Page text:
Of course, me, myself, I’m not going anywhere. Nowhere my own feet can’t take me. I bike to a friend’s house to sit in the shade of her fence: I’m on the other side of the yard, sipping from the thermos of coffee I brought from home. I walk for an hour through a nearby park to smell pine trees and see new birds and feel the earth push back under my feet. I walk to the bakery for four loaves of bread: that will keep us a while. I am so tired of eating bread I’ve baked with my own hands.
This post wasn’t going to be about COVID-19, but everything is about COVID-19.
When I was young – and then too, I could only roam as far as my feet would take me – I was very ordered about my reading. I read one book at a time. I would start a book, I would finish a book. I didn’t stop reading books if I didn’t like them. This makes sense to me when I stop and think about it. I had a lot of time to read then. Now, less so. A full-time job and house administration take a lot of hours out of the day. So I dip into books. A few minutes here, 40 minutes there if I’m lucky. So I have different books for different rooms and different times.
Dining Room: Non-Fiction
The Beastie Boys Book is a difficult book to read. Physically, I mean. It’s a several-hundred-pages-long hard cover printed on thick paper. I can only read it comfortably if I’m sitting at a table, and one of the few times I do that is during the bi-weekly Homo Phono zoom parties. So yeah, once more, I am that person at the party reading a book. But it makes perfect sense to me to read a book about music while listening to excellent music and shoulder dancing in a chair.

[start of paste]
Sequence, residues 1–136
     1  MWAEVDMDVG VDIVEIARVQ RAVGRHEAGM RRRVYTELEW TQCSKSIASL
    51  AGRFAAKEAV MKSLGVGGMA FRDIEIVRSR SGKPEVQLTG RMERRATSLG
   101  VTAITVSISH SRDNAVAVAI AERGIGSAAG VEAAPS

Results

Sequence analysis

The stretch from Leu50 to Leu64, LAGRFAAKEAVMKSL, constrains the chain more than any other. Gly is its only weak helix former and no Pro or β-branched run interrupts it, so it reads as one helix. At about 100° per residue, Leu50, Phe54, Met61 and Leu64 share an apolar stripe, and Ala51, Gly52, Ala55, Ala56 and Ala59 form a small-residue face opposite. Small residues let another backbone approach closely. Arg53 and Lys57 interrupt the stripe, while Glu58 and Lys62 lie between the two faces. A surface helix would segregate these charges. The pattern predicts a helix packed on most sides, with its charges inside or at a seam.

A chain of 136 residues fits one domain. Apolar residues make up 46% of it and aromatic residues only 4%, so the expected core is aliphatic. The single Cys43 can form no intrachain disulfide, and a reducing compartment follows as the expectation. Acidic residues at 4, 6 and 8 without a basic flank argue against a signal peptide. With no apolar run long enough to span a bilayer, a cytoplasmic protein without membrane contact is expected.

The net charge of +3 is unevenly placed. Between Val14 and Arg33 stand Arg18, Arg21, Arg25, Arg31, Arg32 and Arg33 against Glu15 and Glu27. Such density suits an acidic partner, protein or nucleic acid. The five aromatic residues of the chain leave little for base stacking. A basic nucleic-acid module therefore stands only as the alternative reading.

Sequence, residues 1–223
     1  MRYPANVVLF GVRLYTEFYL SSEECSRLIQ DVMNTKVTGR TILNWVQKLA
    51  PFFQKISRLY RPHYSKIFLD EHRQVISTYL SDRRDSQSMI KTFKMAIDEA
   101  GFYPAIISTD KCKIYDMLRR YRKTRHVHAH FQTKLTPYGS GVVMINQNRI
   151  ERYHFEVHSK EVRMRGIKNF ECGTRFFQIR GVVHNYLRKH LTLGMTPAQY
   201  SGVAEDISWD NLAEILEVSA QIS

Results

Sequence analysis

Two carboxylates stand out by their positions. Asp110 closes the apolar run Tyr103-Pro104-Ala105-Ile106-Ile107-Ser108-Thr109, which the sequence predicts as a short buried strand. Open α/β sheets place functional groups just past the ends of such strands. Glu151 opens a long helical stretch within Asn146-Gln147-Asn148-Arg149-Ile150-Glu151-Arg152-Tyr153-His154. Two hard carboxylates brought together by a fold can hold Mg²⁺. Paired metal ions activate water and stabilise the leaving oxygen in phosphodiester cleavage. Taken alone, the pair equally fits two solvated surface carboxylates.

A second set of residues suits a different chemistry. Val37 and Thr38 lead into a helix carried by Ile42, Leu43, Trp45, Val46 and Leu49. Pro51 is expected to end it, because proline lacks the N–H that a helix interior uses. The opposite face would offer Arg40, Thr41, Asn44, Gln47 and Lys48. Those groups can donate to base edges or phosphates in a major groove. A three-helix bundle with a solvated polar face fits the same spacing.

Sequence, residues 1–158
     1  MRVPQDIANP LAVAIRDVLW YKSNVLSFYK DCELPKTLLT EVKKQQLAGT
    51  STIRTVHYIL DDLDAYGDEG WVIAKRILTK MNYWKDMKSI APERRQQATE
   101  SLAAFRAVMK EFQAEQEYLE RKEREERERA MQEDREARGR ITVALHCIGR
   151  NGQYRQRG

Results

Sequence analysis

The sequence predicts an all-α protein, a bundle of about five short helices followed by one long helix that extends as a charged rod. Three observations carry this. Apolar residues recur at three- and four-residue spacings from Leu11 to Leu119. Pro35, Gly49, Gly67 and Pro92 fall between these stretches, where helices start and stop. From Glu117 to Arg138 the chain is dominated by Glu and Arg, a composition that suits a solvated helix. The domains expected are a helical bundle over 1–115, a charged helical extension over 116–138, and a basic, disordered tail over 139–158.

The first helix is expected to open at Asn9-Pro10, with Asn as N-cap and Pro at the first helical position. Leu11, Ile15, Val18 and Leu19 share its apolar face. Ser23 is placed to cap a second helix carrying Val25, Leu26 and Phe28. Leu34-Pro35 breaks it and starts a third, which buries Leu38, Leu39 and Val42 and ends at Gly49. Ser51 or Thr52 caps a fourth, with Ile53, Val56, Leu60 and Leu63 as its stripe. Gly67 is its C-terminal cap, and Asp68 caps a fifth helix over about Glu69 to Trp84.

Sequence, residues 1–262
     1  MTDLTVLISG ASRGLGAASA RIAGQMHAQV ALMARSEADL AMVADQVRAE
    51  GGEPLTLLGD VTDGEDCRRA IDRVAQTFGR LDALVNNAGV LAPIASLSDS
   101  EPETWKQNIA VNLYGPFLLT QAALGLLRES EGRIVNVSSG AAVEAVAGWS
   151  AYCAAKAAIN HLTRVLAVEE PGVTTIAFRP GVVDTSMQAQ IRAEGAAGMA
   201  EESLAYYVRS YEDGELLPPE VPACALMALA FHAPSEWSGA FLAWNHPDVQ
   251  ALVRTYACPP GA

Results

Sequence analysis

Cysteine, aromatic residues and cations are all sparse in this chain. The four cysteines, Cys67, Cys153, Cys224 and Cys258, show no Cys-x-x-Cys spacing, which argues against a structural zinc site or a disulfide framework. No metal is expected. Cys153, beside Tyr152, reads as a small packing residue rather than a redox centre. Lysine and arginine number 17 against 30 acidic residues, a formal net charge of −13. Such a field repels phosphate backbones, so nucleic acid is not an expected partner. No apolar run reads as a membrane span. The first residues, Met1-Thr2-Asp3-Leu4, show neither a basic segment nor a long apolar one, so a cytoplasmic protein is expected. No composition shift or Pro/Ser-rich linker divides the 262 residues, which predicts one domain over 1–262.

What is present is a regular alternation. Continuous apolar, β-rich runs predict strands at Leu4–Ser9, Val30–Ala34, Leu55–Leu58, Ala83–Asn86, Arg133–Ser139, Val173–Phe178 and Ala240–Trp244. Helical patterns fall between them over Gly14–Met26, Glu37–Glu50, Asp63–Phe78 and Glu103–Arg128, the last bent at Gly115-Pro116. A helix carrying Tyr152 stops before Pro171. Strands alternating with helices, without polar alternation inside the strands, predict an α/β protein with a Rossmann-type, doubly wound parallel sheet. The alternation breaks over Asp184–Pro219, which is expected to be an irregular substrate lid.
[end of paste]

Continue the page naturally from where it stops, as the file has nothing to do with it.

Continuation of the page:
This paragraph will end negatively, but it’s really a great book. This is a band I know a lot about, but I’m still learning tons, not only about them, but about the hardcore and hip-hop scenes of various time periods and cities. Their writing voices are genuine and fun. The piece by Kate Schellenbach, who was kicked out of the band just before they got big, was a welcome addition. Amongst all the fun, though, I do feel something is lacking. They apologize for their sexism (and have been apologizing for decades) and they tip their hat towards the fact that being middle-class white dudes played a role in making them one of the most popular rap acts ever. But I don’t think they do enough self-examination in either case. Maybe it’s that their shame around their former sexism is so well worn at this point that it comes across a bit facile. And maybe an in-depth examination of how racism played out through rap is not for them to do; they’ve never pretended to be intellectuals, just friends having fun. So maybe that’s for some pop music academic to really take on. I don’t know. I do know I love them, like know all the lyrics to their first four albums love them, but in the last few years something has started not sitting right, and this book is amplifying that. It’s not you, baby, it’s me.